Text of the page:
A French nuclear submarine has made an unannounced visit to the Clyde, raising fears about the safety of nuclear weapons.

The submarine, flying the French flag, was towed by tugs into the Faslane naval base on Gareloch on August 2. It was spotted and photographed from the shore by anti-nuclear campaigners at the Faslane Peace Camp.

The campaigners identified the boat as one of the four French Triomphant-class that usually carry nuclear weapons. They say this is the first time a nuclear-armed French submarine has been seen visiting the Clyde.

The first of the class, Le Triomphant, collided with the British submarine, HMS Vanguard, which carries Trident nuclear missiles, three years ago. The accident happened somewhere in the Atlantic, but details have been kept secret for national security reasons.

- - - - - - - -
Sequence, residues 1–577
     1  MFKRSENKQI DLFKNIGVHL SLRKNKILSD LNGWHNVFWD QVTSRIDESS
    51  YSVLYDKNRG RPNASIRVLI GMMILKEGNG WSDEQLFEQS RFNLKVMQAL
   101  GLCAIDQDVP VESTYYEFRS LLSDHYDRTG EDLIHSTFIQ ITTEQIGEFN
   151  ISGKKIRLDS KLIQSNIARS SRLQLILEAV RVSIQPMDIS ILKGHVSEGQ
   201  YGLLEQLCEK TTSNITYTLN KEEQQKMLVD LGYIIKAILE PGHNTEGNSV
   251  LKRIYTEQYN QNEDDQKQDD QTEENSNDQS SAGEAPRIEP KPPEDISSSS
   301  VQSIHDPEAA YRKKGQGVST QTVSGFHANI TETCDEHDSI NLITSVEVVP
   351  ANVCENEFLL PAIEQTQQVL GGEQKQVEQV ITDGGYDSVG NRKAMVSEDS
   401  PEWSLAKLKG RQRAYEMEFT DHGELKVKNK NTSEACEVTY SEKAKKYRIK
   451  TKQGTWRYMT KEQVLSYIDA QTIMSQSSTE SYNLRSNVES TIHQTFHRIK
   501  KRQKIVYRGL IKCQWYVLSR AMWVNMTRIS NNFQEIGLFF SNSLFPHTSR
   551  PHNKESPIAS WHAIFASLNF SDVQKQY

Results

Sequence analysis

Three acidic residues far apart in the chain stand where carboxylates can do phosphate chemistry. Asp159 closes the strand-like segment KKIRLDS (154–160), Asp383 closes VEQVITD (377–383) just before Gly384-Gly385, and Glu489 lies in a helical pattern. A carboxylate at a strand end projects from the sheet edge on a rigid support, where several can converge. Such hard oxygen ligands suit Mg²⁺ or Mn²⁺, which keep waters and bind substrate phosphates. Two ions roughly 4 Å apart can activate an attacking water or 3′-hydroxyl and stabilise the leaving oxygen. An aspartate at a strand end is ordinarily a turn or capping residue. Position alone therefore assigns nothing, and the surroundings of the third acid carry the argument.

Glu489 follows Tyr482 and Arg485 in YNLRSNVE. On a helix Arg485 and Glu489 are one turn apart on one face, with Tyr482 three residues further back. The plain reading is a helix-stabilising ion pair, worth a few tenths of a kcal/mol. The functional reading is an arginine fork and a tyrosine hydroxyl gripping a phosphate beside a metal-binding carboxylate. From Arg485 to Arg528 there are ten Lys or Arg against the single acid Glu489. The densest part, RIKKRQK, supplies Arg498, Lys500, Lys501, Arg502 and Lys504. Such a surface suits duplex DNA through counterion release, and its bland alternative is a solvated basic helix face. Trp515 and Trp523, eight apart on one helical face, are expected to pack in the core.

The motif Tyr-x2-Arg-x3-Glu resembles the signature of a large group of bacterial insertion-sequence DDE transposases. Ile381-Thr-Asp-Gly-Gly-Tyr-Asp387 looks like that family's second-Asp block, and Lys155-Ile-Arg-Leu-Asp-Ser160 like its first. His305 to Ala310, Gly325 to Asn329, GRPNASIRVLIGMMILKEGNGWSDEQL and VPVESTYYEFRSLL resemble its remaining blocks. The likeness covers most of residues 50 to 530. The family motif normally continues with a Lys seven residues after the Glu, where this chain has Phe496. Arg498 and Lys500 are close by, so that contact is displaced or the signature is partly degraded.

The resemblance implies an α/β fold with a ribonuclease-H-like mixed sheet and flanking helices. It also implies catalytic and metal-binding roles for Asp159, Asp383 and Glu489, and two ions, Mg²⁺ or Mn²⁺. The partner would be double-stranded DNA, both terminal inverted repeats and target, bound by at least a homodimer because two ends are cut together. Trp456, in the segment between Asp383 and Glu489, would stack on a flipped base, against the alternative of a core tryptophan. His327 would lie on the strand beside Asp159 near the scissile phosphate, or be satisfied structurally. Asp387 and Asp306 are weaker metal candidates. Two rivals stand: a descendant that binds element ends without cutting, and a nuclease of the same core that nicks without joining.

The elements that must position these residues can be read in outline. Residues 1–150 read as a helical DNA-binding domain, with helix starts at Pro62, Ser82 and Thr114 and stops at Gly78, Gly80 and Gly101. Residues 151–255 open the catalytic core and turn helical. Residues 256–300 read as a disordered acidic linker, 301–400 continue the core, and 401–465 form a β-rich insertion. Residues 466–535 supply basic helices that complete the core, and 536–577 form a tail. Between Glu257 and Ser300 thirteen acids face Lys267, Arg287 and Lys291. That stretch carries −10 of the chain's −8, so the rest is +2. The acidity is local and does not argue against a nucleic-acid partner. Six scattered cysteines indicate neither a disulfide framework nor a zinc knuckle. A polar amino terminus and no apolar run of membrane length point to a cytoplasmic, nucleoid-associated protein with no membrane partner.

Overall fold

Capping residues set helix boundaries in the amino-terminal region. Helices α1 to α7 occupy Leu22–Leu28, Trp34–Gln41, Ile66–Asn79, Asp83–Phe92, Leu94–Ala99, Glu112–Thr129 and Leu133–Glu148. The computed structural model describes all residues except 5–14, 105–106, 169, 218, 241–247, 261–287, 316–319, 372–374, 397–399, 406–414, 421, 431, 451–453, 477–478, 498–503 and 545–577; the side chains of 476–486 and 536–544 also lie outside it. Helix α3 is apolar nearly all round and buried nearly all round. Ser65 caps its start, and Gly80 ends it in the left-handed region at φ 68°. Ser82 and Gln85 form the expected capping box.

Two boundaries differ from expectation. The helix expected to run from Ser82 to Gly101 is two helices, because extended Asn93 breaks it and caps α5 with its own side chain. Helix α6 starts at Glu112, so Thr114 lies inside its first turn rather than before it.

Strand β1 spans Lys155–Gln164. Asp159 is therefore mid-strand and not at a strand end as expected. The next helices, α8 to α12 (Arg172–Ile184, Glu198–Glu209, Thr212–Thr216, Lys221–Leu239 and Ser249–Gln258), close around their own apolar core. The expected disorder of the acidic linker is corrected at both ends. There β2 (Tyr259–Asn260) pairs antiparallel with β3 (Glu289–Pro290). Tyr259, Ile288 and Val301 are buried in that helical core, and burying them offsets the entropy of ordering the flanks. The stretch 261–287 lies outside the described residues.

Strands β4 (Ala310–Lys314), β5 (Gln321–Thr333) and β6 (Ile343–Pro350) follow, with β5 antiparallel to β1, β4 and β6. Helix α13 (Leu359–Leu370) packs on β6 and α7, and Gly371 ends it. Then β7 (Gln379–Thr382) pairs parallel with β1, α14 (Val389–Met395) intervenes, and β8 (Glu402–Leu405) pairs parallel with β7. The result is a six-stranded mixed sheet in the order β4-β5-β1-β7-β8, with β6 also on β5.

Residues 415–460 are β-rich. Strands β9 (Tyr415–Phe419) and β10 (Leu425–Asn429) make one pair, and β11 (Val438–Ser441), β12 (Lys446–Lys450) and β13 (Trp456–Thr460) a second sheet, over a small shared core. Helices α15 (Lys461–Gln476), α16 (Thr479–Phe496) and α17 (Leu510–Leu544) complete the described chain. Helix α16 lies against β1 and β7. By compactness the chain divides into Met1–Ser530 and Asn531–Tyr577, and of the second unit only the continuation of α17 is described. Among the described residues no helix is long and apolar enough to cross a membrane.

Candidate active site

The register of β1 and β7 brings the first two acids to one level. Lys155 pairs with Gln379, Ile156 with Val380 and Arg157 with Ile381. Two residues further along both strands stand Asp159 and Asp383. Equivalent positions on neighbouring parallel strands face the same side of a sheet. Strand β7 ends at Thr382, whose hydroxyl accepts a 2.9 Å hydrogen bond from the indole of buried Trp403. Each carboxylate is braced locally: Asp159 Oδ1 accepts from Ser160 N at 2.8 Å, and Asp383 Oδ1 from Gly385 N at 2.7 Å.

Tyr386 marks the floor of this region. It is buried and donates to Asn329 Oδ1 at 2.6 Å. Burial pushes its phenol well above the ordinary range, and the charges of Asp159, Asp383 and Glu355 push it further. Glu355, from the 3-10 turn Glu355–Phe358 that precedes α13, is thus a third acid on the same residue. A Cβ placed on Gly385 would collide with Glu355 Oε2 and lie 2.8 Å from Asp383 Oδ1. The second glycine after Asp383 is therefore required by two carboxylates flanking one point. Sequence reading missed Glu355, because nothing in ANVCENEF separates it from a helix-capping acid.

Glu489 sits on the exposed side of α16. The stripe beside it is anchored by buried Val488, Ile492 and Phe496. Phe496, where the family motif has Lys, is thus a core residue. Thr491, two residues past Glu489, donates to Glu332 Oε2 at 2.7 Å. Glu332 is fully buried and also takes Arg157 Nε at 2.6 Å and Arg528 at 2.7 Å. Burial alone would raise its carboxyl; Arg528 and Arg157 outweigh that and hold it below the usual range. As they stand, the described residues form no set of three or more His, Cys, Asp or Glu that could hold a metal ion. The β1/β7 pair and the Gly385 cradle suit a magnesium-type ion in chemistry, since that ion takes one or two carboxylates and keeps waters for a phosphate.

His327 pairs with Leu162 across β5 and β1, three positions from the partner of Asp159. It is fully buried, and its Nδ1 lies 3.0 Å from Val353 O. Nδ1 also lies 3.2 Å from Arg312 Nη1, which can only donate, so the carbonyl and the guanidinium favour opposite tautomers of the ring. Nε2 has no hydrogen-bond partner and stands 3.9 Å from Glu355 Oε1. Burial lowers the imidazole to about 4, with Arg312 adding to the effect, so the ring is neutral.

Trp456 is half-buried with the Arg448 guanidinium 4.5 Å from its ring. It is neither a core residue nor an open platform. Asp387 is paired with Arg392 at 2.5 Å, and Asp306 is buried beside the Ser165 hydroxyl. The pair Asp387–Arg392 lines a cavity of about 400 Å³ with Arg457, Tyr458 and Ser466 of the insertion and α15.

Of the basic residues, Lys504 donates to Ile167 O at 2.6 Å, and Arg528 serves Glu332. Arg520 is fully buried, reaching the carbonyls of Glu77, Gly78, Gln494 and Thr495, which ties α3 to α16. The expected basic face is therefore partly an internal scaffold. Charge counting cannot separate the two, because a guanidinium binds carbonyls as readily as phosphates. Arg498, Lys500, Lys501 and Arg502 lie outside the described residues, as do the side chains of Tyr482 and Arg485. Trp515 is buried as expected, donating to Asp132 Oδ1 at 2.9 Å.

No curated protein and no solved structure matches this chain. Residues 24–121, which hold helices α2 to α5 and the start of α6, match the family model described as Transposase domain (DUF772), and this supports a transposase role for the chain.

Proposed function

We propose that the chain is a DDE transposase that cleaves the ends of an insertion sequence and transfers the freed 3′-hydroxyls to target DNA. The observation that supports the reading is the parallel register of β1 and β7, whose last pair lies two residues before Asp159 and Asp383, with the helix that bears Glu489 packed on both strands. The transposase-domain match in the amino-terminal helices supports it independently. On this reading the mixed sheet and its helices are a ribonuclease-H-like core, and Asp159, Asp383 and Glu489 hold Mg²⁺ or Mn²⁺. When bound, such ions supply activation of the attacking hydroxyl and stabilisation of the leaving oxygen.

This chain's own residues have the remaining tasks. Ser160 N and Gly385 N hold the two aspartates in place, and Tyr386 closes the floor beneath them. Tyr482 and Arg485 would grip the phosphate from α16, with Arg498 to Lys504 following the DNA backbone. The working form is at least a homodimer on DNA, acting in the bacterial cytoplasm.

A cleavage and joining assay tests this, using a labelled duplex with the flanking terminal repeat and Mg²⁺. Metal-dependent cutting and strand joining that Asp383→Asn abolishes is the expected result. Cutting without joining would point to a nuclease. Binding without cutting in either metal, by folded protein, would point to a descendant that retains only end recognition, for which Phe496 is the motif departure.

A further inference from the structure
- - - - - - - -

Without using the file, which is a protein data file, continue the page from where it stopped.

The SNP defence spokesman, Angus Robertson MP, said the French visit prompted serious questions. "Weapons of mass destruction are not welcome on our shores," he said.

"The Scottish Government, the Scottish Parliament and the Scottish people are overwhelmingly opposed to nuclear weapons and their continued presence in Scotland. The visit also raises serious safety concerns."

John Ainslie, co-ordinator of the Scottish Campaign for Nuclear Disarmament, said: "It is insensitive for the Force de Frappe, the French nuclear force, to make its first appearance at Faslane just as Scotland is preparing for a referendum on independence."

A Ministry of Defence spokesman said: "It is our policy not to discuss submarine operations as this may compromise the security of these vessels.

"HM Naval Base Clyde is the home of the UK submarine service and as such hosts a wide variety of vessels from Nato countries and our allies throughout the year."